7. McCafe Colombian, $6 ($.49/ounce): You know how McDonald's does something to their fries to make everyone on the planet crave them? They're doing that with their coffee. That's not to say this is crave-worthy, but there's something going on, some amped-up flavor enhancer, that makes this really very different from all the other coffees, and yet it's not unwelcome.
Let's start at the beginning. It's Columbian coffee (said to be the most familiar in flavor to Americans) and it's a medium-dark roast (which satisfies both medium and dark roast drinkers). So right off the bat this brew is truly aimed at the majority of American coffee drinkers. It brews up rich with nutty tones and a lively brightness and acidity. Where things started to get a little weird, is when we sampled it again, after drinking other coffees. It was almost juicy, maybe even a little salty in comparison. None of the other 15 coffees had this juicy-salty mouthwatering thing going on. Again, not unpleasant, just not, well, not normal.
6. Illy Dark Roast, $15 ($1.70/ounce): When you pull the tab on the can it opens with a satisfyingly audible gasp. The beans are ground espresso-fine and there are hints of bright fruit in the aroma, although they don't come through in the cup. It's not complex, but the coffee brews up mellow and rich, with a hint of smoke, a touch of acidity on the finish, and no trace of bitterness. Even cream-lovers could skip it with this brew.
5. Lavazza Gran Selezione, $11 ($.92/ounce): Freshly brewed, this coffee smells like toasted bread, or maybe poundcake. In other words, it's perfect for breakfast, no? The flavor is smooth and rich, although not complex, with a bracing acidity on the finish.
4. Peet's French Roast, $11 ($.55/ounce): Full disclosure: I grew up drinking Peet's, so I know there's a very characteristic super-dark, almost-burnt-but-not quality about all of Peet's coffees. No matter the bean or the level of roast, a Peet's coffee is easy to identify (although hard to describe). This French Roast is no different. It's a little chocolatey, a little smoky. The bitterness is strong, but there are enough complex sweet notes and acidity to offer some balance. You must be a fan of bold coffees to like this one, but if you are, you will.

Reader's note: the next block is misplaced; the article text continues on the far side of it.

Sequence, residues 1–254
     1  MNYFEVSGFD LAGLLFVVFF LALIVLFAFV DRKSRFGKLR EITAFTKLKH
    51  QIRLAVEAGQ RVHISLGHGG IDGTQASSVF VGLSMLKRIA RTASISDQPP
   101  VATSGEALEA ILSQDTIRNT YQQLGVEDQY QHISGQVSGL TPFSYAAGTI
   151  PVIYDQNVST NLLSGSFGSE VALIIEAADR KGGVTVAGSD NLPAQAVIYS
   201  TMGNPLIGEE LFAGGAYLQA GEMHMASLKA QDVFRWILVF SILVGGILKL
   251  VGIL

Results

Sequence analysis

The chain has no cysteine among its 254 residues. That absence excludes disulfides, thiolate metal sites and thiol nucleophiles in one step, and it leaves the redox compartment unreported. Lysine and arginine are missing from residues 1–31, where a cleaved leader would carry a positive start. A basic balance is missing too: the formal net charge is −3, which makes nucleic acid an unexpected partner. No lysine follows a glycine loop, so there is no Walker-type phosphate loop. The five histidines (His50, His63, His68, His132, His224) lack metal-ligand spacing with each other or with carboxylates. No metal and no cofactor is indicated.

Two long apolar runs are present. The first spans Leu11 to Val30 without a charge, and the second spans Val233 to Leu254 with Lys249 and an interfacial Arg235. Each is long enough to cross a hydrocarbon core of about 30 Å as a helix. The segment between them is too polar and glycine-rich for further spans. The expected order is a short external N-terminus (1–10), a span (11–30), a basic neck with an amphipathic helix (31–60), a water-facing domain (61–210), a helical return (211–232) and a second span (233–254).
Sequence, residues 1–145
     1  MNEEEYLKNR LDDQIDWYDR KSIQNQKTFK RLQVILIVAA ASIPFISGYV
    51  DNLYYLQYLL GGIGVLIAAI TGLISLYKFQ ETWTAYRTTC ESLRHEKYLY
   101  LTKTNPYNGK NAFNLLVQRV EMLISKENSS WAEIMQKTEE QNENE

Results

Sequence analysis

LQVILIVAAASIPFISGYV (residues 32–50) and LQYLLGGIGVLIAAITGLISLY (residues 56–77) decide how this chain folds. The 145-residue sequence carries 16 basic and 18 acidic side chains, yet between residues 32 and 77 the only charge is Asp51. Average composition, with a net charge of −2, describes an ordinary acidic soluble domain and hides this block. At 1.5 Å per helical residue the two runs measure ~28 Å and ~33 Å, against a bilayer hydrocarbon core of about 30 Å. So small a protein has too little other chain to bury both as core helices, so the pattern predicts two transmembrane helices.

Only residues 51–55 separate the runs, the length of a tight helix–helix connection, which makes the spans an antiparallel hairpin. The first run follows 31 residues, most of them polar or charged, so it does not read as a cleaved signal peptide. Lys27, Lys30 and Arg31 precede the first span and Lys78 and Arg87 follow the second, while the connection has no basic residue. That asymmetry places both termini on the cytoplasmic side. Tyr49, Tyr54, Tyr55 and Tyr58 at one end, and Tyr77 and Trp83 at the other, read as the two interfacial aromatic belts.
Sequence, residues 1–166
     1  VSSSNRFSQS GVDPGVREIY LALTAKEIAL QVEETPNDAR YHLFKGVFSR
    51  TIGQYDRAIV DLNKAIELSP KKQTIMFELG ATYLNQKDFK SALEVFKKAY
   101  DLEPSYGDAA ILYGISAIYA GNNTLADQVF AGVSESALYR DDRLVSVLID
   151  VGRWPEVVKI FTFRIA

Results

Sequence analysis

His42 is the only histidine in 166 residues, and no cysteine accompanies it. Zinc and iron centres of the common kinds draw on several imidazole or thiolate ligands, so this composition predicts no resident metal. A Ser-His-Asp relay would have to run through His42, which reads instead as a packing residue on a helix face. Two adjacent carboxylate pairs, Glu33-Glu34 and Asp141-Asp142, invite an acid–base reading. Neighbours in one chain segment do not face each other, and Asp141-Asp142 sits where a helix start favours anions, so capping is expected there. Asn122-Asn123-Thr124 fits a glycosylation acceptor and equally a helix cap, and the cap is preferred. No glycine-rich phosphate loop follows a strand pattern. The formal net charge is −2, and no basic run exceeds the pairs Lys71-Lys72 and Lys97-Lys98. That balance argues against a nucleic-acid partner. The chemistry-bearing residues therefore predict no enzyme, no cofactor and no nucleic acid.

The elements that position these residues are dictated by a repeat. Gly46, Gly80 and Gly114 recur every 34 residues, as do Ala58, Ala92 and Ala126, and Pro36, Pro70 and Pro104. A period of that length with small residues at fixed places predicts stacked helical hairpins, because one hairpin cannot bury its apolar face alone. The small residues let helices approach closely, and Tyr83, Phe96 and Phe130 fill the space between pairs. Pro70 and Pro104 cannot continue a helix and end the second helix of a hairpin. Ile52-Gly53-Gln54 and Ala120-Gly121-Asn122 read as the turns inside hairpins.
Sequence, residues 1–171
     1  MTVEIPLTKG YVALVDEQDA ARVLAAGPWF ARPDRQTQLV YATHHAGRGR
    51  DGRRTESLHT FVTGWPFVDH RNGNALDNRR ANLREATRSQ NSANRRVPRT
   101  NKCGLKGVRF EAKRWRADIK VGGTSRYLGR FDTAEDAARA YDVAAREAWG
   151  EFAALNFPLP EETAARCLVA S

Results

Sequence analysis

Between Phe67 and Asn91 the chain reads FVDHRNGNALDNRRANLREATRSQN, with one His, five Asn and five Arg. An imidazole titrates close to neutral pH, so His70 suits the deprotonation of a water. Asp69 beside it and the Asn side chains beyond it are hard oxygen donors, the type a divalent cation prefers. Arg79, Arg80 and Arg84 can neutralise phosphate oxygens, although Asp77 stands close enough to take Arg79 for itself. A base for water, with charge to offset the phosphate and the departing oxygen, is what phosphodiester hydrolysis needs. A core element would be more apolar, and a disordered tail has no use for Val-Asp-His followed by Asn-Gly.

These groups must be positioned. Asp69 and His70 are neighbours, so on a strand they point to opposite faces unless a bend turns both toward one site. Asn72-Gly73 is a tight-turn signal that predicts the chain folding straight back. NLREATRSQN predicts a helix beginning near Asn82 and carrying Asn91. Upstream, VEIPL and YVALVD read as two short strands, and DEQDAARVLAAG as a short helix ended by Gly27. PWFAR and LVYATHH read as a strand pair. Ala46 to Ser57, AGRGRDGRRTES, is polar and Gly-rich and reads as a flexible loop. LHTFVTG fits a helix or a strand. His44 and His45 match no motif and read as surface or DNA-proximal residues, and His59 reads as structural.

Tellingly, Peet's prints its roast date and its preferred brew-by date on the package, recommending you use the coffee within 90 days. Every other brand recommended consuming within about a year or more.
3. Starbucks Caffe Verona, $13 ($1.12/ounce): Even though it was a dark roast, and Starbucks is known for taking its roasts to the edge of burnt, this coffee brewed up deliciously balanced. It was smoother than the French Roast from Peet's, its West Coast rival, with pronounced hints of fruity berries complemented by dark chocolate notes.
2.Caribou (Mahogany Dark Roast), $7 ($.58/ounce): There was hardly any acidity to this one, but very pronounced smoky notes and a touch of bitterness, all balanced deliciously by honey-floral tones. Like the Green Mountain Sumatran (see below), it was actually smooth and balanced enough to drink black.
1. Green Mountain Organic Sumatran Reserve, $14 ($1.42/ounce): This brand seems to have cornered the market on K-cup pods, but it was harder to find just a plain bag of ground dark roast beans, until we spotted this organic variety on the natural foods aisle. It was only available in whole bean, which we ground in a burr grinder. Surprisingly, the beans weren't very aromatic at all, but once brewed their flavor was deliciously complex. It was earthy with fruity-cherry notes and a hint of vegetal greenness. The coffee was smooth and not bitter, with a bit of balancing acidity. It was so well-balanced, in fact, that we would happily drink it black.
And that's it! Did your favorite grocery store coffee make the list? Let us know in the comments!